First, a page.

Christopher Bettinger: Recipient of the Prestigious NAS Award for Initiatives in Research and a TR35 Top Young Innovator
Carnegie Mellon University’s Christopher Bettinger, PhD, assistant professor in the Departments of Materials Science and Engineering and Biomedical Engineering, is the recipient of the prestigious National Academy of Sciences (NAS) Award for Initiatives in Research for his innovative work on advanced materials for next-generation implanted medical devices. Supported by Alcatel-Lucent Bell Labs, the NAS Award for Initiatives in Research recognizes “innovative young scientists and encourages research likely to lead toward new capabilities for human benefit.” Dr. Bettinger will receive the award, which comes with a $15,000 prize, at the NAS 149th annual meeting in Washington, D.C.
“This is a wonderful honor as I continue to work to improve materials that will degrade benignly in the body, and ultimately, on materials that will sense their surroundings and respond deftly to help cure disease,” said Dr. Bettinger, an affiliated faculty member of the McGowan Institute for Regenerative Medicine.
Dr. Bettinger has worked at the interface of materials science and biomedical engineering for more than 10 years. He has conceived and produced a number of innovations that aim to better integrate medical devices with the human body. These technologies include new synthetic materials that mimic the natural properties of soft tissue and biodegradable electronics that could usher in a new era of electronically active implants. His work is designed to lead to broader advances in the field of medical devices to reduce the burden of human disease and improve quality of life.
The NAS is a private, nonprofit institution that was established under a congressional charter signed by President Abraham Lincoln in 1863. It recognizes achievement in science by election to membership, and — with the National Academy of Engineering, Institute of Medicine, and National Research Council — provides science, technology, and health policy advice to the federal government and other organizations.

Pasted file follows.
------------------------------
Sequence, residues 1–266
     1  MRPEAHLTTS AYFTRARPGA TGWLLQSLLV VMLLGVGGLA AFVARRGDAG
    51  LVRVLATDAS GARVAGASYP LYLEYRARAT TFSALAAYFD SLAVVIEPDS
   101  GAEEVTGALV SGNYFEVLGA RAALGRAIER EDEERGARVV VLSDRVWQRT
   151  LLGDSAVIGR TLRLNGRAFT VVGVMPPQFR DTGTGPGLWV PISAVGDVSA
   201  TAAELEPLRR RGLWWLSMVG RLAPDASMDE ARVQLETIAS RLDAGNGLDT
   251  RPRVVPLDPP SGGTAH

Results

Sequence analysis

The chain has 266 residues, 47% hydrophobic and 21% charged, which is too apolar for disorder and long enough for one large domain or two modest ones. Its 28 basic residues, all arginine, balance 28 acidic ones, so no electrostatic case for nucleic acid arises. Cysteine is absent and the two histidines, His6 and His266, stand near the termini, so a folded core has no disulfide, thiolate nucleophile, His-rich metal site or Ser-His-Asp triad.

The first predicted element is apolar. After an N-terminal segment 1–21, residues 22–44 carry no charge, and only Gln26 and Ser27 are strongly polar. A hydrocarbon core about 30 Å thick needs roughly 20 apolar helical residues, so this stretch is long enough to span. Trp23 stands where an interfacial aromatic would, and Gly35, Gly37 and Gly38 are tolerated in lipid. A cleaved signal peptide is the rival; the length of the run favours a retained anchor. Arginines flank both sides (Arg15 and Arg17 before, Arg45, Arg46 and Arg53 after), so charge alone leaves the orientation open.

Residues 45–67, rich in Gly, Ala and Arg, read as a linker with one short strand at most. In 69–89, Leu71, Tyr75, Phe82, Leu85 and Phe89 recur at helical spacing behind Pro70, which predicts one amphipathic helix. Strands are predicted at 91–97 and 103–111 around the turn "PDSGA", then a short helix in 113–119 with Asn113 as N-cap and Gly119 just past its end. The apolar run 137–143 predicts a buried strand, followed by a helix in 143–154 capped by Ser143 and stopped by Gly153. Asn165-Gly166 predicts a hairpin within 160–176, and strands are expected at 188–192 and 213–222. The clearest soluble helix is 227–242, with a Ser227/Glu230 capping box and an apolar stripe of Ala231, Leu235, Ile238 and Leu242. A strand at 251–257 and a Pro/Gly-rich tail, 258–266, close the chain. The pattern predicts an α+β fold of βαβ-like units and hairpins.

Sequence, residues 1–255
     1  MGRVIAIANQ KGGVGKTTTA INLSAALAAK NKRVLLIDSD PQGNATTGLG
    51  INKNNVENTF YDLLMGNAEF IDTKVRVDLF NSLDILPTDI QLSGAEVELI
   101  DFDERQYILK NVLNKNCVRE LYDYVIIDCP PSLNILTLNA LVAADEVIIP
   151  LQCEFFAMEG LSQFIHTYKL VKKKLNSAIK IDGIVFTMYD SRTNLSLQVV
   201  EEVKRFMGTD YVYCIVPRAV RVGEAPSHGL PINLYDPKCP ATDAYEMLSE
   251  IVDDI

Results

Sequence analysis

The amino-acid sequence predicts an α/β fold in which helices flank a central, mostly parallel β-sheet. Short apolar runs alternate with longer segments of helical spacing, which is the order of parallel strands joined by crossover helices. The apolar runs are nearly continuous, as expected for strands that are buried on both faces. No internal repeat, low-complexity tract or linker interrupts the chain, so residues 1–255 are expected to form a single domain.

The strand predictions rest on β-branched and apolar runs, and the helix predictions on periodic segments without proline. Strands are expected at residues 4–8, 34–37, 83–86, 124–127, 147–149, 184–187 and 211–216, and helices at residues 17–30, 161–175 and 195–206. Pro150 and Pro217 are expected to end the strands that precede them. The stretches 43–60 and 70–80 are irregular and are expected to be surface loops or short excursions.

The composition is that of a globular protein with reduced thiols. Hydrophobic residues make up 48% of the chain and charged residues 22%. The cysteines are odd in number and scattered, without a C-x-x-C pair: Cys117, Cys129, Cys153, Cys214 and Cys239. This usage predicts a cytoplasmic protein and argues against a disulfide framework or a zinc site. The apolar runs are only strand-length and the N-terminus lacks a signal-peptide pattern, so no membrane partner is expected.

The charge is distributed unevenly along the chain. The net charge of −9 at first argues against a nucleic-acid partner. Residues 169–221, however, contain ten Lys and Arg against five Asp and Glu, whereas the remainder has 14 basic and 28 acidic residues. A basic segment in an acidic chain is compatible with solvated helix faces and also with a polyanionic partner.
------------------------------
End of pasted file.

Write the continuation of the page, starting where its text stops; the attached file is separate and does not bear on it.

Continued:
Also, Dr. Bettinger is one of 35 researchers worldwide to be recognized by Technology Review magazine as a TR35 honoree for his innovative work in materials science and biomedical engineering. The award recognizes the world’s top innovators under the age of 35, spanning energy, medicine, computing, communications, nanotechnology, and other emerging fields.
“This is a tremendous honor for me as I continue to hone my skills and research for developing technologies that will improve the field of medical devices and the patients these devices serve,” said Dr. Bettinger.
Dr. Bettinger was selected as a member of the TR35 class of 2011 by a panel of expert judges and the editorial staff of Technology Review, which evaluated more than 300 nominations. He joined other TR35 honorees in discussing their achievements at the emtechMIT2011 conference at the MIT Media Lab in Cambridge, Massachusetts.
“Technology innovation is key to driving growth and progress in the areas of research, medicine, business, and economics,” said Jason Pontin, editor-in-chief and publisher of Technology Review. “This year’s group of TR35 recipients is driving the next wave of transformative technology and making an impact on the way we live, work, and interact. We look forward to profiling and working with these technology leaders each year, and watching their continued advancement in their receptive fields.”